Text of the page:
In the first chapter of the clean code, Uncle Bob talks about the boy scout rule, which can be summarized as:
Leave the code cleaner than you found it.
Meaning that every time that we make a change in our code base, make an improvement in the code.
The rule of the boy scouts is: “Always leave the campground cleaner than you found it”. When you find a mess on the ground, clean it, doesn’t matter who did it. Your job is to always leave the ground cleaner for the next campers.
Robert Baden-Powell, the father of scouting, who wrote the original form of this expression, “Try and leave the world a little better than you found it”.
What if we could apply this rule to our code?
The Broken Windows Theory
One broken window, left without repair for a certain amount time, consequently, will leave the impression of negligence. More windows will be broken, graffiti appears, damage in the structure appears and the sense of abandon becomes present. All it takes is just one broken window and everything can crumble.
Have you ever worked in a code base that fits this description? I certainly have.
We started to write some code for a specific functionality and after sometime the code start to grow. We add more functionalities on top of that, find edge cases that needs to be treated as well. In the end, it becomes unbearable, hard to understand and long past the point of maintainability. When the code reaches this point, it’s better to just rewrite the whole thing.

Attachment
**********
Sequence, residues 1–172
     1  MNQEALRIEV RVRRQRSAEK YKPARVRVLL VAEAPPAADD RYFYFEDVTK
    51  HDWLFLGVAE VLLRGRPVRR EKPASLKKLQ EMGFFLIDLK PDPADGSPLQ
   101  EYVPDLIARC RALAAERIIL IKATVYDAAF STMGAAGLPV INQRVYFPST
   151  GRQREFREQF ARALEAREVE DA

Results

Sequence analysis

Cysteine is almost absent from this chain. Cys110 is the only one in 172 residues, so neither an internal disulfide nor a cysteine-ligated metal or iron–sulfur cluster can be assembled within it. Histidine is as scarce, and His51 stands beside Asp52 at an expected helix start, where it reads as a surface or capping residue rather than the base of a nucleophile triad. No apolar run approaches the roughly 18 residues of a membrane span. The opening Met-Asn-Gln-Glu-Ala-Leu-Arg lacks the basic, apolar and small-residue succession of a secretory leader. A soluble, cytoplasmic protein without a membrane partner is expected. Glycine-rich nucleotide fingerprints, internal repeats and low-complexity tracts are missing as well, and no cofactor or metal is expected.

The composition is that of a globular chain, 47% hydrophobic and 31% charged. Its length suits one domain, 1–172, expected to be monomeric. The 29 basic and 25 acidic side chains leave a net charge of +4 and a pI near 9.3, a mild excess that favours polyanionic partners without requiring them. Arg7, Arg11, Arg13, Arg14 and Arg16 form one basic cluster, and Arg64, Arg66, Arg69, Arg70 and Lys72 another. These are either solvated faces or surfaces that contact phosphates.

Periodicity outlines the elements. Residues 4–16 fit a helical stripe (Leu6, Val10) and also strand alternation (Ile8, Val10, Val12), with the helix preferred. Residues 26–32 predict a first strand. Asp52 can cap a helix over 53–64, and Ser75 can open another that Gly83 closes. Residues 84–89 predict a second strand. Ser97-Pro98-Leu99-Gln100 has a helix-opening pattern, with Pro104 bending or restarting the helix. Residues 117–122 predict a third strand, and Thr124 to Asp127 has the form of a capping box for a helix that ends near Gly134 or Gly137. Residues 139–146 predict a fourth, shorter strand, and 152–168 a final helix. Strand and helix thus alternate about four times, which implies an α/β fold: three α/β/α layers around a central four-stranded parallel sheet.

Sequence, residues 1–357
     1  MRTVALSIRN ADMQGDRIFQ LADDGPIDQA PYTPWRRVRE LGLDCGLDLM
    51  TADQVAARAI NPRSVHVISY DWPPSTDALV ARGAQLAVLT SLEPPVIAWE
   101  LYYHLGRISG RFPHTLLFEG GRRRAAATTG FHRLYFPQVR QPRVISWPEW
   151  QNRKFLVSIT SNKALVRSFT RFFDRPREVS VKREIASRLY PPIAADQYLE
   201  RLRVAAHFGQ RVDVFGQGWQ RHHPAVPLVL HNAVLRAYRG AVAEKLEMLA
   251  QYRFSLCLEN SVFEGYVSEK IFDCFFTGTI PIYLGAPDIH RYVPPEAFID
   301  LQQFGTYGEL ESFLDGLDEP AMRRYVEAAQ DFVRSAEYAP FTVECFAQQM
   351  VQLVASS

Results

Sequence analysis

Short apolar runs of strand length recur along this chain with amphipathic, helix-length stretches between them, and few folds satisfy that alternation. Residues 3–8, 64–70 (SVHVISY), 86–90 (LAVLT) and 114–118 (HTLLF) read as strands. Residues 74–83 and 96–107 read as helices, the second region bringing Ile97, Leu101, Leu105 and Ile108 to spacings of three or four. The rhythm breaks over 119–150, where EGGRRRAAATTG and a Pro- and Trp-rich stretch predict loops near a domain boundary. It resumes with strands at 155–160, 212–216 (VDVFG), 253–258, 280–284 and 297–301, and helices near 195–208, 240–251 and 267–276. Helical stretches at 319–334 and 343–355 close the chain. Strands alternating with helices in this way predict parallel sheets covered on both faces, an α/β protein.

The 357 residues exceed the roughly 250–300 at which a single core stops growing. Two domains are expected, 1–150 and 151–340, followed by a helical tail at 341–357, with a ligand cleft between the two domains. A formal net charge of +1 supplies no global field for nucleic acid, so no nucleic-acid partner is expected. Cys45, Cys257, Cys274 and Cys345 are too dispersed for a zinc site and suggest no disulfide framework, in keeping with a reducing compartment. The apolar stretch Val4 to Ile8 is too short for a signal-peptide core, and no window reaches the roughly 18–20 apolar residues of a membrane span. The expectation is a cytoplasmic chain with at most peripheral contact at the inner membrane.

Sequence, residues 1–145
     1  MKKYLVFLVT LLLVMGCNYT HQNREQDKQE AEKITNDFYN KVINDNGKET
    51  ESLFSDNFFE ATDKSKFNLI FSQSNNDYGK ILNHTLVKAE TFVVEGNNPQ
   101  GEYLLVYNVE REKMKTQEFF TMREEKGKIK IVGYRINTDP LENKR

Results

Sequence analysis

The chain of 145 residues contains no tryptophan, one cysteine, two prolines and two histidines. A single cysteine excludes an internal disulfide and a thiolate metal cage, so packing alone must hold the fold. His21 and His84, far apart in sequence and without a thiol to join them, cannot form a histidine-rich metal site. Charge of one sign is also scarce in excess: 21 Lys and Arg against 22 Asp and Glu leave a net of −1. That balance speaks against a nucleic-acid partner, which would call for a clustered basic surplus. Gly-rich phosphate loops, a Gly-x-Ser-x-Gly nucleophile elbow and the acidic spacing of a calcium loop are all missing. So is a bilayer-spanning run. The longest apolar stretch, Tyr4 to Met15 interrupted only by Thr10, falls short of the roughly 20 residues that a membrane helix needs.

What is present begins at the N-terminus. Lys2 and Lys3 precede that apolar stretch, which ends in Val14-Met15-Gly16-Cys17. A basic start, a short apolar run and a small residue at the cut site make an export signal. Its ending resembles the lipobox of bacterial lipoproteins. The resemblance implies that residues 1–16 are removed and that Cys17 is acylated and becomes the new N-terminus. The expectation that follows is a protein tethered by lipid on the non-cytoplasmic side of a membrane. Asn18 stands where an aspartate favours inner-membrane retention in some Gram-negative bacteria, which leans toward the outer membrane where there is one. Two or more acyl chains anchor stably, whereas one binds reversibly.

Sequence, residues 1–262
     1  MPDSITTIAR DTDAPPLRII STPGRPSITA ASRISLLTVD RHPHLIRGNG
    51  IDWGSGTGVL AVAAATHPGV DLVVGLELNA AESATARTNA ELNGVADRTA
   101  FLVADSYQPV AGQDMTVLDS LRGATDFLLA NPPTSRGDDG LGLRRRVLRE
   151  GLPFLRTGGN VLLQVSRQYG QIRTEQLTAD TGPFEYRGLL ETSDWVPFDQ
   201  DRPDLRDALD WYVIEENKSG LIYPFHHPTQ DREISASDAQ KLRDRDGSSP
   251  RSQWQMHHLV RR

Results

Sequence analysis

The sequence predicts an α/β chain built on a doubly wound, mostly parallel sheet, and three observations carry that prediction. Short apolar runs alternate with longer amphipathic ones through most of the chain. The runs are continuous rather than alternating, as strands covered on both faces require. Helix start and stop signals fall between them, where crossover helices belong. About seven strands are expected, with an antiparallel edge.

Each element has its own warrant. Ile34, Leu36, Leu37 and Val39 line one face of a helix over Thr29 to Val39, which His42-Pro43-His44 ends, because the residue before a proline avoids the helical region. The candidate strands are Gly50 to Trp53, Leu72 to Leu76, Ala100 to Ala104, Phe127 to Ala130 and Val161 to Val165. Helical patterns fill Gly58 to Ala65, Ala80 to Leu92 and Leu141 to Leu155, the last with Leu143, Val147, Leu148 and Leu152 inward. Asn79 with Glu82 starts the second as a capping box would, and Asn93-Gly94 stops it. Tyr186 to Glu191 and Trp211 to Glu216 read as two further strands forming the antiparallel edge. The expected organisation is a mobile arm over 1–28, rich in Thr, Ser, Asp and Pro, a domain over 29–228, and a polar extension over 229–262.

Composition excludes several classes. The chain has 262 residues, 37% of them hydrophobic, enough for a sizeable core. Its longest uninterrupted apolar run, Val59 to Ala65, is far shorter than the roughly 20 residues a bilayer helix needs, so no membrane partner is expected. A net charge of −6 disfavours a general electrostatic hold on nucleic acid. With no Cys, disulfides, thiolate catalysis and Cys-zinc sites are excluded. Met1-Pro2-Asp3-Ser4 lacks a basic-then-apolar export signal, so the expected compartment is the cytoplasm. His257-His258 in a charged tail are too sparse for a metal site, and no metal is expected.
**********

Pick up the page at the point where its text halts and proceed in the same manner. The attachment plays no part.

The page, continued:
The idea behind this theory is to never let any window broken, every time you found a broken window in your code, just fix it, don’t let it spread in your code base.
The boy scout rule takes the broken windows theory to a new level, you not only fix the problems as soon as they appear but you also improve the code. Applying these two practices will lead the code base in to a much better state in the future.
Applying To Code
There are many ways to apply the boy scout rule to our code, it doesn’t have to be something big. You can rename a variable to a more meaningful name, get rid of a small duplication or break up a long function.
Have you ever imagine working in a project where the code got better over time?
Continuous improvement is an integral part of our job as software developers.